Borage sports one of the few true-blue flowers in the garden. The vivid star-shaped blooms are plentiful, long lasting and taste like cucumber.
I planted Borage in a 10 gallon glazed clay container last year. It prospered in a partial shade spot by the laundry room door. The herb was prolific, providing a remarkable amount of leaves and flowers that I added to salads, salsas and teas for months.
When water use restrictions were enacted, the tall hairy-leafed annual withered and died. I said my goodbyes with gratitude, believing it was the only time I would ever cultivate the herb.
This Spring the vigorously self-sowing Borage has returned not only to the container, but to beds where the seeds were carried by the wind. What a delight to see the brilliant blue stars tracking the sun throughout the day.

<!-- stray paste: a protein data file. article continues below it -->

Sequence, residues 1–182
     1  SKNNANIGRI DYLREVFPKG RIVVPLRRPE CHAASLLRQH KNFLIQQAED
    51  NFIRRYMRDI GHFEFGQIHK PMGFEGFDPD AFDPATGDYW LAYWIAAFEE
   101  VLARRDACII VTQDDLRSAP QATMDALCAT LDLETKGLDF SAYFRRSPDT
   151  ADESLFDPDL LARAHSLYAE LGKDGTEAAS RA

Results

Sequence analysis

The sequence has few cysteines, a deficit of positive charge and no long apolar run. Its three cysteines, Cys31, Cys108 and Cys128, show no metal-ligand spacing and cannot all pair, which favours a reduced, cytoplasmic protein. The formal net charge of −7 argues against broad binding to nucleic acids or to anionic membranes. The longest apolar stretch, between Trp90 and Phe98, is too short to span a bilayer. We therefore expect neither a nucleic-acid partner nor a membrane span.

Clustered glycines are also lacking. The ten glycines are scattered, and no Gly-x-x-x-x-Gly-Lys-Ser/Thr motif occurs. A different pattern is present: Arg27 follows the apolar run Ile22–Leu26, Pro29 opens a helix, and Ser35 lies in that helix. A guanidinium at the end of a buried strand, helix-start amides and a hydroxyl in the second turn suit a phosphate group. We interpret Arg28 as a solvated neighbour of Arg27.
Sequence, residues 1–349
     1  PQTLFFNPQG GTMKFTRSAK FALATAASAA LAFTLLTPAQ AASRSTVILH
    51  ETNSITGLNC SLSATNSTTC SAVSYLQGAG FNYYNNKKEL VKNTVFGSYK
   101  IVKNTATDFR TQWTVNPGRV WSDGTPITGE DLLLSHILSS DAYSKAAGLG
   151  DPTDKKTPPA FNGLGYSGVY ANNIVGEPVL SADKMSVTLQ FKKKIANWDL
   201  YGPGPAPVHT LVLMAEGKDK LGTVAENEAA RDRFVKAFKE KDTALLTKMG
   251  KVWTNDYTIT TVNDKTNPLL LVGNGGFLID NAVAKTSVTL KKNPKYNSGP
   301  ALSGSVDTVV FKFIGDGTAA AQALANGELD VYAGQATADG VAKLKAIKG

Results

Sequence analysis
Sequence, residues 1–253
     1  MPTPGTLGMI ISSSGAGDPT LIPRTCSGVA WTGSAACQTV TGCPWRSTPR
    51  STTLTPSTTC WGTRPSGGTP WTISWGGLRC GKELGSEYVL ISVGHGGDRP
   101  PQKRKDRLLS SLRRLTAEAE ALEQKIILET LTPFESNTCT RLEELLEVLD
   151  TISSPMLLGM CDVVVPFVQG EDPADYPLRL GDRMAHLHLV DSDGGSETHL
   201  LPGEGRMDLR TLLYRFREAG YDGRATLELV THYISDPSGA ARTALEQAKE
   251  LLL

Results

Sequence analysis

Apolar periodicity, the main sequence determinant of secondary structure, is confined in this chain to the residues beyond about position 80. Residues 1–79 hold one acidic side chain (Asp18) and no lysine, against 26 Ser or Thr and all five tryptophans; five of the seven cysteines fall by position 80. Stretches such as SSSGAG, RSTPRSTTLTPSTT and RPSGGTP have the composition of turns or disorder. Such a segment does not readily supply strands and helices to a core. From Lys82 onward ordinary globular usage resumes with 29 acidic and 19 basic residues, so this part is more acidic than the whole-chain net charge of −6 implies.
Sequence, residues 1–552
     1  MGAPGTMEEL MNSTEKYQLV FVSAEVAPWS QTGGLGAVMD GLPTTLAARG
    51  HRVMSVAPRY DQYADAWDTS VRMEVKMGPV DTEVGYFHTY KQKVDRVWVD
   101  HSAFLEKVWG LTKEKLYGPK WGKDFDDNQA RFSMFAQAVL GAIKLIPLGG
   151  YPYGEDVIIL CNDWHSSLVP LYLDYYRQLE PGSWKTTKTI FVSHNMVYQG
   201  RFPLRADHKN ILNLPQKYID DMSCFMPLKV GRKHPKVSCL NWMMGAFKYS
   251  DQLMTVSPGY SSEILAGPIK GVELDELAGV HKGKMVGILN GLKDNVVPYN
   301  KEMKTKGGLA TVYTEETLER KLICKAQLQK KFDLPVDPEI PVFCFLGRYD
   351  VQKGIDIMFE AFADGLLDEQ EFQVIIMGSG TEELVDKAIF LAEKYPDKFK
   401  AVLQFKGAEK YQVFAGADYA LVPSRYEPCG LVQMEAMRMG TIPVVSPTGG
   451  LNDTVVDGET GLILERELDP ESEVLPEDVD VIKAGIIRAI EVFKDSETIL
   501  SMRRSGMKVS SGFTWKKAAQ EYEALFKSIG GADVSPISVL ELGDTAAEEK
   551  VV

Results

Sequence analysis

Used medicinally and as food, Borage – Borago officinalis – came to the Americas from southern Europe. There among many, many uses, it was taken as a tonic that was believed to have a stimulating effect. Wikipedia has a very good account of the medicinal uses.
The leaves and flowers are lovely chopped into green salads. Add them to wine, fruit or make into a hot or cold tea. The leaves add a cucumber flavor to pickles of any type. The flowers are a beautiful, edible decoration for cakes and are sometimes candied. The flowers dry well and are a colorful addition to potpourri.
Thanks for stopping by,